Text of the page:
Volume 19 • Issue 22 | October 13 - 19, 2006
Under cover

Bed Bath & Beyond
Residents of the new luxury condos at 101 Warren St. won’t have to go far to furnish their high-end homes. Several sources say houseware giant Bed Bath & Beyond will join Barnes & Noble and Whole Foods in the buildings’ 50,000 square foot retail complex. The buildings and stores being developed by Edward Minskoff are scheduled to open in the summer of 2007.

Those residents wishing to truly celebrate the synergy should pick up a set of Bed Bath & Beyond’s “Tribeca Towels.” Selling for $19.99 apiece, the plush terries feature a cross-hatch stitching pattern and come in such condo-worthy colors as “seaglass” and “mocha.” Tribeca-themed dishware is also available.

Loose purse strings
If there is nothing like found money, could there be anything like losing it after it has been discovered?

The Lower Manhattan Development Corporation thought last month it had found $67.5 million for a long-ago promised Downtown community fund, but it turns out they only found $61 million. Kori-Ann Taylor, L.M.D.C. spokesperson, said the corporation would not explain where the $6.5 million went, but said the new estimate came after refining the numbers.

Bettina Damiani of Good Jobs New York, a frequent L.M.D.C. critic, said the L.M.D.C. should be paying better attention to its last bit of federal dollars. “Ask small businesses if a few million here or there wouldn’t have been helpful to them,” she told UnderCover.

Factory gets the point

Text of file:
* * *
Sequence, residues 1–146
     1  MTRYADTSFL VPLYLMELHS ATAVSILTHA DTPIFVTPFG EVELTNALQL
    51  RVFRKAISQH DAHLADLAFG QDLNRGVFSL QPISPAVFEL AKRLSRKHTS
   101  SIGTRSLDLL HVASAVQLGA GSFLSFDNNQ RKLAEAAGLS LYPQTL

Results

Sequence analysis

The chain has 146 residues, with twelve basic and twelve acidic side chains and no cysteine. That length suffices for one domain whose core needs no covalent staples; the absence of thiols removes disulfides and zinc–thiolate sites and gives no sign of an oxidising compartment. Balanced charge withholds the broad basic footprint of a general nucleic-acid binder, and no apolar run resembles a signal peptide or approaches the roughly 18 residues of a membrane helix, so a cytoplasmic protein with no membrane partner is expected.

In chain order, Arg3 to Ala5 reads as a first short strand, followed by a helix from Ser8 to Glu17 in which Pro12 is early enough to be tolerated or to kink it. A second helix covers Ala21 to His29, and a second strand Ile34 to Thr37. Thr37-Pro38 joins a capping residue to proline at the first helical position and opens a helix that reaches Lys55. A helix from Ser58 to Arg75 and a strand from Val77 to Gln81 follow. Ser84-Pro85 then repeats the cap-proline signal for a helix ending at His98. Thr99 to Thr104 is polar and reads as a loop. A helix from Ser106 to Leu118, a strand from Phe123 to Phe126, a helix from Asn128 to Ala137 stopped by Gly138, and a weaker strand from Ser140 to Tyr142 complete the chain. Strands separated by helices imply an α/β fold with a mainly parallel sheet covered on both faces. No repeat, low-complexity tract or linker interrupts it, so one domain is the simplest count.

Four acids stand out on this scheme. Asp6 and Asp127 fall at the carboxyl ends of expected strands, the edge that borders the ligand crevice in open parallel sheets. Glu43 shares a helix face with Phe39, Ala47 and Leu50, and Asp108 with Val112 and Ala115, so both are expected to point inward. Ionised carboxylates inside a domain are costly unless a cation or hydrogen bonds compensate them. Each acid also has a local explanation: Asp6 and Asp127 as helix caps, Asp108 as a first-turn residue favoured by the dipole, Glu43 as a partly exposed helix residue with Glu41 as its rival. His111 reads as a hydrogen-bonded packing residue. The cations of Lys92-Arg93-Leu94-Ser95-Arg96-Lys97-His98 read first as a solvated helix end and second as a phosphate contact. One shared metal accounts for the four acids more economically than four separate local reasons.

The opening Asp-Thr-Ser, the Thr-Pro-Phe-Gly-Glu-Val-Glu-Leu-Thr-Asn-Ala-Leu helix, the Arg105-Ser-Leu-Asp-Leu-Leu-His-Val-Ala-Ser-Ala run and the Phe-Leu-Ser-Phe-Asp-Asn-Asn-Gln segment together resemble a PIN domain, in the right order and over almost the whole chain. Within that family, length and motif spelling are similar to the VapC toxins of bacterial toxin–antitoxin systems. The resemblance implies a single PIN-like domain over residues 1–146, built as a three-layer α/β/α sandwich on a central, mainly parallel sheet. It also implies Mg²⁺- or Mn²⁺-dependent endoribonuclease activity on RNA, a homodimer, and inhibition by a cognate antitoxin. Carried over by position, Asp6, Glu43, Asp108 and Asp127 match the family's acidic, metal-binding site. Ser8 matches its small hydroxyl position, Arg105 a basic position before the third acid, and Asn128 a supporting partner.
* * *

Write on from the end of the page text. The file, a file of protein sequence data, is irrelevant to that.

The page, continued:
Community Board 1’s Tribeca Committee gave the Knitting Factory a needling Thursday night, but eventually recommended that the State Liquor Authority approve the multi-level rock club’s application for a liquor license renewal.

The club, located at 74 Leonard St., has come under fire in the past for allowing its late-night clientele to continue their revelry on the block. As such, many board members appeared skeptical when the license came up for renewal. The Factory’s fate was saved by an unlikely ally — newly appointed board member Allan Tannenbaum.

As a public member of the Quality of Life Committee, Tannenbaum had been one of the club’s major detractors. But after closely monitoring the Factory’s progress, he told board members that the club had made great strides by increasing its security, improving signage and corralling concert-goers behind a rope outside the entrance. He recommended that the board support the license renewal, but cautioned that the Knitting Factory must still work to reduce its noise output and prevent its bands from illegally blocking off side streets with their buses and vans.

If only the committee had the power to prevent The Cardigans from playing “Lovefool” when they come to the Factory on Oct. 31.

Scared mini-mayor
Now that Sean Sweeney, director of the Soho Alliance, has been dubbed one of the city’s “mini-mayors” by the New York Times City Section, he’s getting kind of scared. Whenever someone gets killed in a drive-by shooting or by a car that jumps a curb it always seems to be a man or woman known as “the mayor of the block,” Sweeney noted. Sweeney, who is also president of Downtown Independent Democrats political club, said he’s been invited to the upcoming birthday party of Jonathan Tasini — the antiwar candidate who got trounced in the Senate primary by Hillary Clinton — and that Tasini says he’s not going to fade from the political scene. “He wants to build a progressive movement,” Sweeney said. (By the way, the Times missed one “mini-mayor” — Rhome, the humongous, but friendly pit bull that belongs to Amy on Clinton St. “Everyone calls him the mayor of the block,” said Amy.)


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